Do You Smell Smoke, Part 1

 engine is out, but don't worry dear.

engine is out, but don't worry dear.

CAVU - Clear and visibility unlimited at 7,500 feet heading south to Key West with a plan to stop one night in New Port Richie to visit my brother Mike and  his wife Patty.

It was Friday afternoon, October 25, 2002.  

The trip had been planned for a couple of weeks, so my wife, Jeanne was packed and ready to go when I got home from work.  I came home early so we were sure to arrive at Tampa Executive airport before dark. 

It took about an hour to drive from our home north of Atlanta to our plane, hangared in Rome, Georgia.  Hangars are as scarce as hen’s teeth in the Atlanta area, which is why we ended up in Rome…64 miles from our house.

Our airplane is a beautifully restored ‘J Model’ Bonanza and it was fueled and ready to go.  After a thorough preflight we took off and climbed to 7,500 feet for a VFR flight to Tampa.

It was a beautiful, smooth flight. A good time for Jeanne to recline her seat and enjoy a peaceful nap.

We had been droning along for a little more than and hour when I thought I smelled smoke.  I surveyed the ground to see if we had flown through smoke rising from the ground.  I didn’t see anything on the ground that could account for the smoke smell, so I asked Jeanne, “Do you smell smoke?”

Just as I did I noticed the needle moving on the oil pressure gauge.  We were losing oil pressure.  

Rapidly.  

My first thought was the engine damage that would occur running the engine without oil and since this rebuilt engine had cost a little more than $25,000 less than a year before I wanted to avoid that if possible.  I reduced the throttle to idle which triggered the gear-up warning horn, which I later learned added to Jeanne's fear. I  feathered the prop and pulled the mixture control out to eliminate the fuel flow. Even though the engine continued to spin, I thought much less damage would occur than if I allowed it to continue to run.

It took only a few seconds to realize we were less than five miles from the Thomasville, Georgia airport (TVI) so making the field without power would be no problem.

I turned toward the airport and trimmed the aircraft for the best power-off glide speed.  Next, I looked up Thomasville’s radio frequency, which was their unicom frequency since it’s an uncontrolled airport.  I broadcast in-the-blind our position relative to the airport, our engine-out condition and our intention to land.  

(After landing I later learned no one had heard my announcement because I had misread the frequency.)

Now, I had nothing to do except fly the airplane.  The aircraft was trimmed for the best power-off glide speed and we were descending slowly through 6,700 feet.

I knew we had the airport made so I lowered the landing gear which stopped the alarm, but too late to comfort Jeanne. She later told me the loud alarm was terrifying because she didn't know what it meant.  Only that we had an emergency.  I must have tuned it out because I don’t remember it.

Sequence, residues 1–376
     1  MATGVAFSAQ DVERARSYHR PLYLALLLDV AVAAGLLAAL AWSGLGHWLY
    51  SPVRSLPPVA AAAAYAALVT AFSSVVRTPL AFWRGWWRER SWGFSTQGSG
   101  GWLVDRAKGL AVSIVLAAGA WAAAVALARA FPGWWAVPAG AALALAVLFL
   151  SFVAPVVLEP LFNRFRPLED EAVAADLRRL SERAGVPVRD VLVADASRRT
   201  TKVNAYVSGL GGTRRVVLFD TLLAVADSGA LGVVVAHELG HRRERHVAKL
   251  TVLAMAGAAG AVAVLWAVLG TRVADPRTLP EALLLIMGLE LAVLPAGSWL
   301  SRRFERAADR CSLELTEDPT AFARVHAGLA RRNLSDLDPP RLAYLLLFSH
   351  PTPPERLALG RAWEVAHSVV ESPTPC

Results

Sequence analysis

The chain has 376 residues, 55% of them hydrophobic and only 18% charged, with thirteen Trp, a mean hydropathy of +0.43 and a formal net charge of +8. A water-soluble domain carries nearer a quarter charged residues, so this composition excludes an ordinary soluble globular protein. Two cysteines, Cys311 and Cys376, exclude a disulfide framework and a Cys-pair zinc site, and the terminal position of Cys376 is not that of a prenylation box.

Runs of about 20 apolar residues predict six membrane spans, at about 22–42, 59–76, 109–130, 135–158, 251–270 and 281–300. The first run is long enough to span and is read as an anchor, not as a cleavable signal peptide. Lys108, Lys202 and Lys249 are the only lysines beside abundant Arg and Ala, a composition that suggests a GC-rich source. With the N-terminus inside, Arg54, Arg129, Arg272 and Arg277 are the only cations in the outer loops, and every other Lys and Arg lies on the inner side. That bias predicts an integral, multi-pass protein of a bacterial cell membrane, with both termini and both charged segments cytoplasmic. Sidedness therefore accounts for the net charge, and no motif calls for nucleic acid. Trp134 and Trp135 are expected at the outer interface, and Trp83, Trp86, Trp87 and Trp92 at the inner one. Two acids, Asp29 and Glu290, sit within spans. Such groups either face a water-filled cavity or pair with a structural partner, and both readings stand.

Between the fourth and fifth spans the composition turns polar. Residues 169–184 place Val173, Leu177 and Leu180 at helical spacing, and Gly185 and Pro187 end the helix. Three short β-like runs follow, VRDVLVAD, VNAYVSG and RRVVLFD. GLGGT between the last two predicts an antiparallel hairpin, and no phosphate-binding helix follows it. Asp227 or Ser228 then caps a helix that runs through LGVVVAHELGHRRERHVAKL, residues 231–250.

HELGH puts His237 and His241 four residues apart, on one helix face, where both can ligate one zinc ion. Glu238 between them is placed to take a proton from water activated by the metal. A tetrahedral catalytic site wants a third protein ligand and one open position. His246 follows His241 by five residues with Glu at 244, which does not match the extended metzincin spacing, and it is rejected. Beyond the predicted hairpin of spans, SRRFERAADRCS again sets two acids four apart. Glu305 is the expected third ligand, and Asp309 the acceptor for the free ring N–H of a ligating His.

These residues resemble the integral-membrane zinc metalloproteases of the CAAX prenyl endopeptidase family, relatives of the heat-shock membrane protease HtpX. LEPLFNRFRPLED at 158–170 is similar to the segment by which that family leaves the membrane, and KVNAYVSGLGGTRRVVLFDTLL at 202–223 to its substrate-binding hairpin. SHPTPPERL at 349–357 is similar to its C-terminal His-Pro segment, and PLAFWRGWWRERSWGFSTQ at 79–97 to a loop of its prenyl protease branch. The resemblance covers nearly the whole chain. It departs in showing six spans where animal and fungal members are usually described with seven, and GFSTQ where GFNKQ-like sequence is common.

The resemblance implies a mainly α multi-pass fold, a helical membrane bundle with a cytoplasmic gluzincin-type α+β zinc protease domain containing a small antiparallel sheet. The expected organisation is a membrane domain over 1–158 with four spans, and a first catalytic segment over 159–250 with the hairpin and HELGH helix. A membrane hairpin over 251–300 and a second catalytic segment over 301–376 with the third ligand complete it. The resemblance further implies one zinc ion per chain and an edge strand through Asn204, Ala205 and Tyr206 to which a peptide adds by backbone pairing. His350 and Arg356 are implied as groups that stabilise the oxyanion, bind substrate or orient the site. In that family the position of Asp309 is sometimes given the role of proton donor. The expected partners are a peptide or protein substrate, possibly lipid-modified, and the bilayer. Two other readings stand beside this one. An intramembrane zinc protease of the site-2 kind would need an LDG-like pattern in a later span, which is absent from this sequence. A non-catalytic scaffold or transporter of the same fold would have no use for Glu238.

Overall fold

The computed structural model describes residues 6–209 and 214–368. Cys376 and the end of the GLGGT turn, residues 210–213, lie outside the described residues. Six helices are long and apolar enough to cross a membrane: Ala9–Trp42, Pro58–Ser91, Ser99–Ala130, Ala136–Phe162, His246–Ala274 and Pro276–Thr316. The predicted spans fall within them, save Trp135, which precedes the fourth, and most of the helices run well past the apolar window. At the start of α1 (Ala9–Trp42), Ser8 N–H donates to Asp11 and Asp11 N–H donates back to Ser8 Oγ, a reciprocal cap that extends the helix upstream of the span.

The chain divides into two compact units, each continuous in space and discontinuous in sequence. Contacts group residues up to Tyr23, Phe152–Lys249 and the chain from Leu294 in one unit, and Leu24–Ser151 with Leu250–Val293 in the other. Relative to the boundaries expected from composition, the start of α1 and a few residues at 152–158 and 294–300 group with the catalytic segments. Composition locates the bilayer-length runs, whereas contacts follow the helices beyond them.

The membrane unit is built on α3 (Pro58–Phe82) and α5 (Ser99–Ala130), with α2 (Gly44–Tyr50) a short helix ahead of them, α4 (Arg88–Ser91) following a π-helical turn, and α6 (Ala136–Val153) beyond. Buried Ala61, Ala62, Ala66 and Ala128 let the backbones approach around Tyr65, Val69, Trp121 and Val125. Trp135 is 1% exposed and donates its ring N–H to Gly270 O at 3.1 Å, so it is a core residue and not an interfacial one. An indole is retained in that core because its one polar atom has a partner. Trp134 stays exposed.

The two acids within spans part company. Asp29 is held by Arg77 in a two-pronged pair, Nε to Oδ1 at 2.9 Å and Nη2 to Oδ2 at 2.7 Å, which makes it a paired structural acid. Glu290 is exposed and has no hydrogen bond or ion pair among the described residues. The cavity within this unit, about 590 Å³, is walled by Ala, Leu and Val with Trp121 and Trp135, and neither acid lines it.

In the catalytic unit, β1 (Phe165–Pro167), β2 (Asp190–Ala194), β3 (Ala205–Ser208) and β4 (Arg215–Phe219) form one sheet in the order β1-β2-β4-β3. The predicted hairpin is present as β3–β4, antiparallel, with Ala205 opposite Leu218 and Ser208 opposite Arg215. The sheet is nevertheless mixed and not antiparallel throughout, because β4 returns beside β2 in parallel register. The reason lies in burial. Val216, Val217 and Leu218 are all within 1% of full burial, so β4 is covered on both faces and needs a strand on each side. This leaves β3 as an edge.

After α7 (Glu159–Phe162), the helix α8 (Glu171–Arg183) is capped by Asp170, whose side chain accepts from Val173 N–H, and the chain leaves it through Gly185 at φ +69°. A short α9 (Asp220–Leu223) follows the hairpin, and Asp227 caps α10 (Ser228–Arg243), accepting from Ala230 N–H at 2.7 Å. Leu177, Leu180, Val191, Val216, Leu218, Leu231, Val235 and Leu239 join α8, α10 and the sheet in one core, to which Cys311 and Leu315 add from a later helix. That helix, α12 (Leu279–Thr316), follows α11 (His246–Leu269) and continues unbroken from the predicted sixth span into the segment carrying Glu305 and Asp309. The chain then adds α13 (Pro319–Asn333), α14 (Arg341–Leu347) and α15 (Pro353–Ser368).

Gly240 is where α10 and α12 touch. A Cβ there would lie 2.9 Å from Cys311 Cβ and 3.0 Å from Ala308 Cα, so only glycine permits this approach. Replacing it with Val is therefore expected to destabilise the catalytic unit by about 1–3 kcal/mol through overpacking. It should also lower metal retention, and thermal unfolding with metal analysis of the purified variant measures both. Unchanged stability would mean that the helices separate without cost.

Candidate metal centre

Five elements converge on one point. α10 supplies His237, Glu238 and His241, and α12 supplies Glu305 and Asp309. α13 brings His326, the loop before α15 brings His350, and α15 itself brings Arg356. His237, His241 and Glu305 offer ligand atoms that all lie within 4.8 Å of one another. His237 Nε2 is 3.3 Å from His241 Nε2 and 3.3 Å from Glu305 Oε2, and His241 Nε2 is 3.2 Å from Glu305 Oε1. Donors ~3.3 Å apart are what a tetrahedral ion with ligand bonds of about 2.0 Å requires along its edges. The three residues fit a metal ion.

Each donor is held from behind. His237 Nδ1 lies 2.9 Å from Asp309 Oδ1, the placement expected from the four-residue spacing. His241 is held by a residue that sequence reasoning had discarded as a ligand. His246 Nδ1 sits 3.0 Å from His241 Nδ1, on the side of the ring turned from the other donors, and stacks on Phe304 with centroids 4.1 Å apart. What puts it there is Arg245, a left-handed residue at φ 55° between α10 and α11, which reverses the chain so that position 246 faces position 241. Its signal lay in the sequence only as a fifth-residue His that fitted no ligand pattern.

With the additional drag from our landing gear, our descent increased but not enough.  I was focused on saving the engine, so I wanted to get it stopped...quickly. I began an aggressive side-slip to accelerate the descent without increasing our speed. That worked. 

We landed on Runway 4 and our momentum allowed us to clear the runway and come to a stop a couple hundred feet down a taxiway.

As we rolled to a stop, Jeanne started crying which surprised me.  Then I realized I had failed to reassure her during the descent.  I had known everything was fine, but I had not told her.  She only knew we had an emergency.  I couldn’t believe I hadn’t thought to let her know. 

The FBO’s linemen towed us to the maintenance shop, which was still open…thankfully. After washing the oil off the engine and side of the airplane they filled it with oil and I started the engine to trace the source of the leak.

It took 5 seconds to determine an external oil line had ruptured. Typically, there are no external oil lines but the previous owner had installed an external oil filter similar to those on automobiles.  It was mounted on the firewall behind the engine so it required a line to flow oil from the engine to the filter and another to return the oil to the engine.  The lines had been ]replaced during engine overhaul a few months before and should not have ruptured.  They were designed for oil under high pressure and the Bonanza’s engine pressure was only about 80 psi.  We guessed it was a rare defect in the line. Fortunately, the shop had enough of this kind of line to replace the ruptured link, but not enough to replace the return line.

That would prove to be fateful.

The repair and cleanup was completed in two or three hours and we were ready to proceed to our first stop in Tampa. Well, that’s not completely true.  I was ready, but Jeanne had decided she wasn’t getting back in that airplane. It took my best sales job to convince her that it was safe.  I told her I had flown thousands of hours since I was 16 and my Dad even more in his 60 years of flying and nothing like this had ever happened to either of us; so, it was a million in one occurrence and would never happen again.

Reluctantly, she finally agreed and climbed aboard and although we arrived at Tampa Bay Executive Airport (now closed) after dark, it was a pleasant and uneventful flight.

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